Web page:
ElixirLS: Elixir support and debugger for VS Code
Provides Elixir language support and debugger. This extension is powered by the Elixir Language Server (ElixirLS), an Elixir implementation of Microsoft's IDE-agnostic Language Server Protocol and VS Code debug protocol. Visit its page for more information. For a guide to debugger usage in Elixir, read this blog post.
- Debugger support (requires Erlang >= OTP 19)
- Automatic, incremental Dialyzer analysis (requires Erlang OTP 20)
- Automatic suggestion for @spec annotations based on Dialyzer's inferred success typings
- Inline reporting of build warnings and errors (requires Elixir >= 1.6)
- Code completion (suggestions are accepted using tab instead of enter, see below)
- Smart automatic closing of code blocks
- Documentation lookup on hover
- Code formatter (requires Elixir >= 1.6. Triggered by
Alt + Shift + F hotkey or enabling
- Find references to functions and modules (Thanks to @mattbaker)
- Quick symbol lookup in file (Thanks to @mattbaker)
ElixirLS is opinionated and sets the following default settings for Elixir files:
// Based on Elixir formatter's style
// Provides smart completion for "do" and "fn ->" blocks. Does not run the Elixir formatter.
// See below
You can, of course, change them in your user settings, or on a per project basis in
It may take some getting used to, but I highly recommend leaving
acceptSuggestionOnEnter off and using using
tab instead of
enter for autocomplete. In Elixir, it's very common to end a line with an identifier (such as
:error, for example), and ElixirLS will sometimes try to autocomplete that (into
:error_logger, for example). If you're typing quickly, you may hit enter before even noticing the suggestion and insert it by mistake. Automatic completion of
do blocks is handled separately and does not require you to accept an autocomplete suggestion.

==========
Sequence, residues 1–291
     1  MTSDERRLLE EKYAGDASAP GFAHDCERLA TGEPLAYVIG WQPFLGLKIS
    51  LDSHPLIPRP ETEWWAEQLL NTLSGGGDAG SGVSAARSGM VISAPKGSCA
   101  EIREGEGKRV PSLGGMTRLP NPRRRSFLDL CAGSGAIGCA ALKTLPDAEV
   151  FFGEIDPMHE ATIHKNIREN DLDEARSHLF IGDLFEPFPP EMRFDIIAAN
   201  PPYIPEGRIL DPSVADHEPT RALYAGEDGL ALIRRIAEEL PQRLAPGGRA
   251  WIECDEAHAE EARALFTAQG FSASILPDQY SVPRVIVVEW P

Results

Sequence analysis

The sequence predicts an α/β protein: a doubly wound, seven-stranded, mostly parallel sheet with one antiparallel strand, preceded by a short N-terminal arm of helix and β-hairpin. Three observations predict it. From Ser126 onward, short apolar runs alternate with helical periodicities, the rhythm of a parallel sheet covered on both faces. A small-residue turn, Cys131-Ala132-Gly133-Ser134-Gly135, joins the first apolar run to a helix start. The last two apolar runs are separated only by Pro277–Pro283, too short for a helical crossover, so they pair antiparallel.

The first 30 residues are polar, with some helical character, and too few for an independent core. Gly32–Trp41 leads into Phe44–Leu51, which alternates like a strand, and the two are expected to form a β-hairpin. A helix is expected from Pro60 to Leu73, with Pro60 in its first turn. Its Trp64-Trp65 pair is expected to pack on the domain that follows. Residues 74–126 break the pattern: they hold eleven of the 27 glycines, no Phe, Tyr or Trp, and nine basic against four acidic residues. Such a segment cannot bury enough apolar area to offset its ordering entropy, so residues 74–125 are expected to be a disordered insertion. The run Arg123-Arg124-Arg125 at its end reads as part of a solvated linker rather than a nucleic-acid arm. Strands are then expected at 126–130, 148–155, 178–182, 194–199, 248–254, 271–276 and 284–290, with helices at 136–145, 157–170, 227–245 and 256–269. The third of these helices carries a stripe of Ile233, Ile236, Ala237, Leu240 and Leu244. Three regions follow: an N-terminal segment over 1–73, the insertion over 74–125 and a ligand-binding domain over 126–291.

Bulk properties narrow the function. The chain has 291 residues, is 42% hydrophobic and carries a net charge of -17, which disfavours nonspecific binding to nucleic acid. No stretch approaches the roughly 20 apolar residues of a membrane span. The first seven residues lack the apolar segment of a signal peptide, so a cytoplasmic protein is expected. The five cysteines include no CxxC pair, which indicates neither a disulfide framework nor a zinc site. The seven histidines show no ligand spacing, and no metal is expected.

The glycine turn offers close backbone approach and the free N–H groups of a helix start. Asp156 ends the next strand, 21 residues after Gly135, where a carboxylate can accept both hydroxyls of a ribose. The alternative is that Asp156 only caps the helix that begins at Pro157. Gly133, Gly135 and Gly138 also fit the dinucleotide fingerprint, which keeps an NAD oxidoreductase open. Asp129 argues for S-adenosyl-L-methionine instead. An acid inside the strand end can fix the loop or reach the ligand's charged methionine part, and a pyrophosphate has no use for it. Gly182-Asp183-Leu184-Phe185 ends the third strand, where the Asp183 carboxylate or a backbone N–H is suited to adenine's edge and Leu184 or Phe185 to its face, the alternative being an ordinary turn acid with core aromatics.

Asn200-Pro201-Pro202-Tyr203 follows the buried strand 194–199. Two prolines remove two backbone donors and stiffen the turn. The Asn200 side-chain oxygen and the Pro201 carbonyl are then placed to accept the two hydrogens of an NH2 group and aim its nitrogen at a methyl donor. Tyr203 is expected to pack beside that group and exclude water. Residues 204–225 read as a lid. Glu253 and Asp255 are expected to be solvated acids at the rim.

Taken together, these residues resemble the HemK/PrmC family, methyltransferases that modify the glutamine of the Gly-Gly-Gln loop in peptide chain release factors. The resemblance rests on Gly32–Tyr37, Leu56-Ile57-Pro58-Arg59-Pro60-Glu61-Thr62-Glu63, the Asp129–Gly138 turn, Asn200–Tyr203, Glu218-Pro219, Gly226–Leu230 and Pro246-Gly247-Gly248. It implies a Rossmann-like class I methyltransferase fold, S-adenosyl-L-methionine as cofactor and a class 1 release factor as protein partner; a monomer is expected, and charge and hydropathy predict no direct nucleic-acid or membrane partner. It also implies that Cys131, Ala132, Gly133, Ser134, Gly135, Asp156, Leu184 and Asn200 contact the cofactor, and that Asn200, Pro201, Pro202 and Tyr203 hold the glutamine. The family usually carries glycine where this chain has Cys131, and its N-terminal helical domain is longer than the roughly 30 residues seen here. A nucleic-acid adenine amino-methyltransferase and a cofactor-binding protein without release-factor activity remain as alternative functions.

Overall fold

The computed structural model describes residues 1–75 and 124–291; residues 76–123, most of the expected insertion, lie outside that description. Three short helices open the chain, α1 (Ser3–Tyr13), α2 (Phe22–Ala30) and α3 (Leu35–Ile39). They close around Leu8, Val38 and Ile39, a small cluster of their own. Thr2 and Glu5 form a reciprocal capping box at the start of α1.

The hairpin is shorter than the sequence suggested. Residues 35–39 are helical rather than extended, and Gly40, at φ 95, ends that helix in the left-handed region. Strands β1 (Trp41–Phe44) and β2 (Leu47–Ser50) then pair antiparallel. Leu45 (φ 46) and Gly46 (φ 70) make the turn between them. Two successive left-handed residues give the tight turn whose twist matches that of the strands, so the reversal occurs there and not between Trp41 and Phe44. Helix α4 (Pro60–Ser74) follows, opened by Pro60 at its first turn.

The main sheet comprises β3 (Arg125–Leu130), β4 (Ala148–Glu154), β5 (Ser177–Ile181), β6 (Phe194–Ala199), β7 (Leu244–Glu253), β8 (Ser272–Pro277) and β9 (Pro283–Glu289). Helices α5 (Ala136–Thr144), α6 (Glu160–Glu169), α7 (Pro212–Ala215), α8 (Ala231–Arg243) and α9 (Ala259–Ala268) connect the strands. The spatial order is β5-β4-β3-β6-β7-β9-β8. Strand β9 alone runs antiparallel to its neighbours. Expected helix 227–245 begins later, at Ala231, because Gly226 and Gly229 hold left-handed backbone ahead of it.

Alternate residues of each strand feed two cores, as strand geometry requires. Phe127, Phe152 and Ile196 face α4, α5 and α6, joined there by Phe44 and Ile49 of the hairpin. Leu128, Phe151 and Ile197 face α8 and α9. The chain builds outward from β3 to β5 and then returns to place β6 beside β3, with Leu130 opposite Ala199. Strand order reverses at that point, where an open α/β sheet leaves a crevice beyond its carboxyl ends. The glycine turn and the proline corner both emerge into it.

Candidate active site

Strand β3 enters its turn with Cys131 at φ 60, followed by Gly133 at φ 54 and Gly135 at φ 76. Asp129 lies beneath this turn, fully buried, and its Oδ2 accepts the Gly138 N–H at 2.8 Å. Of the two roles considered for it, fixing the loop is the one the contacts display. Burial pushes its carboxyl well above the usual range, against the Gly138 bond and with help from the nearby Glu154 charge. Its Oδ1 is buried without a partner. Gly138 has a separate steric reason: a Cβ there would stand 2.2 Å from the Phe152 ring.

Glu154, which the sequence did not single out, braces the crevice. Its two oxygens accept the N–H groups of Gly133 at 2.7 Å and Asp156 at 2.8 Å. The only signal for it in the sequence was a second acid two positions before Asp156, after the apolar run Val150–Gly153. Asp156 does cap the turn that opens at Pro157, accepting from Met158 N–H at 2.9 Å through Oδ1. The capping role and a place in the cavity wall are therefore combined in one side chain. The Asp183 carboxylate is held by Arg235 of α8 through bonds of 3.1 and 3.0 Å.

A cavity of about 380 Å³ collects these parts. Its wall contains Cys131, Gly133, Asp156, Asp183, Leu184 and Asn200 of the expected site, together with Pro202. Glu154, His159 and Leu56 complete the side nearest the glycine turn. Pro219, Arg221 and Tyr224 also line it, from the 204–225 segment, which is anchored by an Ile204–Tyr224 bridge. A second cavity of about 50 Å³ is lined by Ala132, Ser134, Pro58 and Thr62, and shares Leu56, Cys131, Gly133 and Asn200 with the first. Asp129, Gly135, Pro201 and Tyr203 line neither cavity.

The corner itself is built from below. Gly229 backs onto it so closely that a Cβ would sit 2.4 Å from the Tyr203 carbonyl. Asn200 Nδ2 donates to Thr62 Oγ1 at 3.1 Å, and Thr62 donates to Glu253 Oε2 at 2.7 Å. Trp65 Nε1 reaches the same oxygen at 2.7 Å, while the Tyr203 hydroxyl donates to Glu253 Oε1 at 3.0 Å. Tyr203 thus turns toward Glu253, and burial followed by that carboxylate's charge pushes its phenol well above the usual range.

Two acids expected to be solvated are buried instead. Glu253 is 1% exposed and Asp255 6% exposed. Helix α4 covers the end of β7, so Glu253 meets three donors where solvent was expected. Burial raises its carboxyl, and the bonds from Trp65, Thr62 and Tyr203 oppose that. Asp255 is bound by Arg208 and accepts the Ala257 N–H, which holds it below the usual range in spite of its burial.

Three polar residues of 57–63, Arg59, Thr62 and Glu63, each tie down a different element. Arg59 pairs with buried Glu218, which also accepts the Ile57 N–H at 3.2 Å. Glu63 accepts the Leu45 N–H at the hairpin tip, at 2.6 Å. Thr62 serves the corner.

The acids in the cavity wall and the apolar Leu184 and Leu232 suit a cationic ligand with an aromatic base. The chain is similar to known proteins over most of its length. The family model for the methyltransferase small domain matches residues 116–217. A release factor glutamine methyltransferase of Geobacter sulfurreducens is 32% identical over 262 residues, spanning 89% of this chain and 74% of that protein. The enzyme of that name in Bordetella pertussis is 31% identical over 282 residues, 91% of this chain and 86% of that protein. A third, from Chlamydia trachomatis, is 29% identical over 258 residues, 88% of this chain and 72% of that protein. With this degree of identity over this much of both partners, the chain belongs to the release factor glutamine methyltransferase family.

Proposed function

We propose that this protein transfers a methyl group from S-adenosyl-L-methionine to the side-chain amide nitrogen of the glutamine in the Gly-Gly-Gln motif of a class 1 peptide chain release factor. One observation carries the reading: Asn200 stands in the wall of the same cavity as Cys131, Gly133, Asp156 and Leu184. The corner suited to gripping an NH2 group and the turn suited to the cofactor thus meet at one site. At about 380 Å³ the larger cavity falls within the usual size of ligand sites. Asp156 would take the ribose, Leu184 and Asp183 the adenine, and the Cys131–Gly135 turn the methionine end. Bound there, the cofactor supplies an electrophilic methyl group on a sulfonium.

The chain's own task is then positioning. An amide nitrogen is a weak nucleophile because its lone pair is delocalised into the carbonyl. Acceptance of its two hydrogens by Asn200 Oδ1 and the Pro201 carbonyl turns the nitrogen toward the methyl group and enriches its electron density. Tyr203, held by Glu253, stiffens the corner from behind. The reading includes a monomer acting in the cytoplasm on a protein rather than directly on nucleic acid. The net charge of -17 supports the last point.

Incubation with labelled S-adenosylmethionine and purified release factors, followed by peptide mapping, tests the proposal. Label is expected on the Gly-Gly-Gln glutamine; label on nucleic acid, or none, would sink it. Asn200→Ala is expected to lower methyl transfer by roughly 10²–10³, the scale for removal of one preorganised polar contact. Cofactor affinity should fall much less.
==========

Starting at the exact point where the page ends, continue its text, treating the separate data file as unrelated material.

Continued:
- 1.6.0 minimum
- >= 1.6.6 recommended
- OTP 18 minimum
- >= OTP 20 recommended
Most of the functionality of this extension comes from ElixirLS which is included as a Git submodule in the
elixir-ls folder. Make sure you clone the repo using
git clone --recursive or run
git submodule init && git submodule update after cloning. To launch the extension from VS Code, run the "Launch Extension" launch config.
elixir-ls as a submodule makes it easy to develop and test code changes for ElixirLS itself. If you want to modify ElixirLS, not just its VS Code client code, you'll want to fork the ElixirLS repo on Github and push any changes you make to the ElixirLS submodule to your fork. An example of how that might look:
# Clone this repo recursively to ensure you get the elixir-ls submodule
git clone --recursive email@example.com:JakeBecker/vscode-elixir-ls.git
# Enter the submodule directory. Now, if you run git commands, they run in the submodule
# Create your feature branch
git checkout -b my_new_branch
# Add your forked elixir-ls repository as a remote
git remote add my_fork firstname.lastname@example.org:<your_github_username>/elixir-ls.git
# Make changes in the elixir-ls folder, commit them, and push to your forked repo
git commit ...
git push my_fork my_new_branch
There is another VS Code extension for Elixir, VSCode Elixir. It's powered by Elixir Sense, another language "smartness" server similar to ElixirLS. Much of this extension's client code (such as syntax highlighting) was copied directly from VSCode Elixir, for which they deserve all the credit.